Brothers has always been one of my favorite typefaces. To a certain genre of designer, this typeface is iconic and instantly recognizable. Despite its chamfered edges and pointed Latin serifs, it is a warm design that feels lovingly crafted.
It is easy to see why designers are drawn to the typeface; it’s oozing with personality and has a startling amount of variations and alternates available. I’ve certainly been guilty of taking it for granted and not taking the time to appreciate what a masterful job John Downer has done. Any given weight of Brothers would be a fine display face on its own, but the fact that it has 3 different weights (Regular, Bold and SuperSlant, the italic), that each weight has an alternate set, and that there’s also a set of stunning Word Logos to use makes this font a playground for typographers.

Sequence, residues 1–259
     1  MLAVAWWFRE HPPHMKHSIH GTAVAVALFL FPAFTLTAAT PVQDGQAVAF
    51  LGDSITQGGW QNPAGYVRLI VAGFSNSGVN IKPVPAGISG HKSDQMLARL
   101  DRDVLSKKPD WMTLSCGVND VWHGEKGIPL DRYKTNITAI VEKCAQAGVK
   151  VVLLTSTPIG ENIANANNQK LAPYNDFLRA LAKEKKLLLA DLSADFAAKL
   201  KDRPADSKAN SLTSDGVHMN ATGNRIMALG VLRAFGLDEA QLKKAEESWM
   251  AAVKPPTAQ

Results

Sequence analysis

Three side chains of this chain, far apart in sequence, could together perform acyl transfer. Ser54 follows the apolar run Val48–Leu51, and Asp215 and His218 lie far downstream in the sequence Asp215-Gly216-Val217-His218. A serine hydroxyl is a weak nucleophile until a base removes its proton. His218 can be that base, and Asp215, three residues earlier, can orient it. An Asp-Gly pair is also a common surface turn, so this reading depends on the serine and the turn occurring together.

Brothers straddles the line of lettering and type design, and I’m not sure anyone other than the supremely talented John Downer would have the skill-set to make something like this. Despite having an eye-catching aesthetic and a dominating personality, Brothers works remarkably well as a supporting typeface. The risk in using a typeface this distinctive is that it can become the only thing you notice in the design, and I think the most successful designs either wholeheartedly embrace the font and let it drive the design, or use it subtly and let it add color and contrast to more restrained typefaces